Scientists excited about new lab at bottom of Pacific OceanLast Updated on 2013-05-19 00:00:00SEATTLE (AP) — Scientists are eager for access to information from a quarter-billion dollar lab at the bottom of the Pacific Ocean that they hope will teach them about climate change, earthquakes and even the origins of life on Earth and other planets.
The $239 million National Science Foundation project will install video cameras, seismic monitors and other gauges along a volcano in deep waters off the Pacific Northwest coast, giving researchers the ability to monitor activity 2 miles below the ocean surface.
The project could potentially warn of earthquakes that would threaten the Seattle area, according to scientists.
"It really will make a huge difference," said University of Washington oceanography professor John Delaney, who is leading the effort.
Thanks to nearly 600 miles of electrical wires and Internet cables this project will provide continuous information, separating it... More »
Saving leatherback sea turtles crucial to healing earthLast Updated on 2013-03-08 00:00:00
Sea turtles are ancient but not primitive. Having evolved on land some 200 million years ago, they spend their entire lives at sea except to lay eggs on rugged beaches around the globe.
Leatherback turtles are the largest of the seven sea-faring species and they are truly remarkable, most worthy of admiration and in dire need of protection.
Leatherbacks are Earth’s last giant warm-blooded reptiles; their weight can easily exceed one ton.
All sea turtles except leatherbacks have shells. Leatherbacks instead have backs with a jigsaw of thousands of small, thin bones overlaid by a thick matrix of oily fat and fibrous tissue. Their belly has only a narrow oval bone with heavy fibrous tissues.
They are the fastest-growing and heaviest reptiles in nature. And the fastest swimming turtle with the widest distribution.
Their four legs are wings in the sea and shovels on... More »
Blue Carbon: 2 Ocean Minutes w/ Jim ToomeyLast Updated on 2012-06-08 00:00:00
UNEP Celebrates World Oceans Day with the Premiere Launch of Two Minutes on Oceans with Jim Toomey!
The United Nations Environment Programme (UNEP) has partnered with cartoonist Jim Toomey – of Sherman’s Lagoon fame – in developing a series of six two-minute videos intended to raise awareness of the importance of oceans and the coastal environment. The videos use animation and humor to explain in clear and simple language the role oceans play in our lives and our very survival.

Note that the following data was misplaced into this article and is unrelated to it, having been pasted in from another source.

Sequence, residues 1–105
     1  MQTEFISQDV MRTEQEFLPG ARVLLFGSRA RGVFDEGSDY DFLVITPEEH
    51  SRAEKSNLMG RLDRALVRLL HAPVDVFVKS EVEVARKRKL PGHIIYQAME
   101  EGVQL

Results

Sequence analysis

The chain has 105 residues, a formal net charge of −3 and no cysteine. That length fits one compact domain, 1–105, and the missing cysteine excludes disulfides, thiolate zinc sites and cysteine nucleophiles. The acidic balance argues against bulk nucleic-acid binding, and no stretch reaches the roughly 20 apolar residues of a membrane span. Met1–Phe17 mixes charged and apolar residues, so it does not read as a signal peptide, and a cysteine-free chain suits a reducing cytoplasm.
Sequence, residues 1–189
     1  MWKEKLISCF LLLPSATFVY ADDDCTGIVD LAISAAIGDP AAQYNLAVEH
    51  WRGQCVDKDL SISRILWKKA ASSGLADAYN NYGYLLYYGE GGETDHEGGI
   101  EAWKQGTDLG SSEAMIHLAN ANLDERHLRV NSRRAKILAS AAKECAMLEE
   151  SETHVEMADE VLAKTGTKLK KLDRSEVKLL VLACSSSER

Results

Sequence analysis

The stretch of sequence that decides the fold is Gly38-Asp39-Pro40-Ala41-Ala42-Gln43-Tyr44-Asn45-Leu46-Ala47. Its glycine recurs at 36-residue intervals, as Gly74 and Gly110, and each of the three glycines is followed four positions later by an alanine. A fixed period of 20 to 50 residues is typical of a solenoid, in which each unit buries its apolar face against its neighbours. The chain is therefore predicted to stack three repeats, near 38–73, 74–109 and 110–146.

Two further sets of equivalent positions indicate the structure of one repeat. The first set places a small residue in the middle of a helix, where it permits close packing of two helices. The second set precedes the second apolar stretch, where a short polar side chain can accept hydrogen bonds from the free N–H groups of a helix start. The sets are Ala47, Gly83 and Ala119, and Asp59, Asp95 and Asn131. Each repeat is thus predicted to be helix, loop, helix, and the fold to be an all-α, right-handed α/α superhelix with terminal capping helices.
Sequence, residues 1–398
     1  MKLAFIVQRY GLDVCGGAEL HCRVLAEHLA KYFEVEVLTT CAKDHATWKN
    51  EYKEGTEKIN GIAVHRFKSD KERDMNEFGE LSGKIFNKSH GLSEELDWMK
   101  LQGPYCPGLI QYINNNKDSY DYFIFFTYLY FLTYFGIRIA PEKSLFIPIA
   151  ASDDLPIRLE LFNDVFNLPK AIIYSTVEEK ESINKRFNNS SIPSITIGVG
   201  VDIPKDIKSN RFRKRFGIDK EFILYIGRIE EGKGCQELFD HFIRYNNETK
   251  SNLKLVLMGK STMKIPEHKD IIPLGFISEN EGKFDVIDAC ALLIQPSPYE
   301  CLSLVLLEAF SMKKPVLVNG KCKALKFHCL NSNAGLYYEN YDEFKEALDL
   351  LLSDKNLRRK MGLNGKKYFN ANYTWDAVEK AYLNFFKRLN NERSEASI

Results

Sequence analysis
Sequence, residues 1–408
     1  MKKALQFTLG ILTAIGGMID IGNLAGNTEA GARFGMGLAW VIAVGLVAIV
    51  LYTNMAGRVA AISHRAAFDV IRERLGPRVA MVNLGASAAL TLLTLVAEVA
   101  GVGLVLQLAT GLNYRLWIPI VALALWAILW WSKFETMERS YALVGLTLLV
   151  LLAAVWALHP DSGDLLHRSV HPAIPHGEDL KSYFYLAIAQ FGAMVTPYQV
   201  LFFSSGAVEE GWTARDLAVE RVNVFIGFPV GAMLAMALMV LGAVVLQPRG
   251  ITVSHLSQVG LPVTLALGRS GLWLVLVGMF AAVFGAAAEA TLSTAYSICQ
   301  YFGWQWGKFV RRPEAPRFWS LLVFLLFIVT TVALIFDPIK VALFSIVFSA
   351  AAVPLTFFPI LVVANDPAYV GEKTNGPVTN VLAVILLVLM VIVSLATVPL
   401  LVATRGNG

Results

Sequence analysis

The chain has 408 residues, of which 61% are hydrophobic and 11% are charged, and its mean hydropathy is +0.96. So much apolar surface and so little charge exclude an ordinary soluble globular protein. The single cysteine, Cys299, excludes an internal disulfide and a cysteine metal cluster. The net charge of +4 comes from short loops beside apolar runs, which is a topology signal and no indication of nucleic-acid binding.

Partnerships for Resilience: Climate Change and Caribbean TourismLast Updated on 2012-01-14 00:00:00
November 24th 2010 - " Partnerships for Resilience: Climate Change and Caribbean Tourism" (16 min total) was produced by the CARIBSAVE Partnership to increase awareness of some of the threats facing the Caribbean's largest economic sector. The aim of the film is also to highlight opportunities for win-win adaptation strategies that provide immediate and long-term benefits. It showcases success stories from across the region of partnerships between communities, private sector and governments that are strengthening the social and environmental resilience of this vulnerable region.
Marshall Islands Declares World’s Largest Shark SanctuaryLast Updated on 2011-10-03 00:00:00The Marshall Islands is now home to the world’s largest shark sanctuary, an area of the central Pacific Ocean four times the size of California, The Pew Environment Group confirmed in a news announcement today. (Read the full announcement.)
The Washington-based conservation arm of The Pew Charitable Trusts, a nonprofit that works globally to establish pragmatic, science-based policies that protect the oceans, said the Nitijela, the Parliament of the Marshalls, passed legislation unanimously last week that ends commercial fishing of sharks in all 1,990,530 square kilometers (768,547 square miles) of the central Pacific country’s waters, an ocean area four times the landmass of California.
“We salute the Republic of the Marshall Islands for enacting the strongest legislation to protect sharks that we have seen,” said Matt Rand, director of global shark... More »
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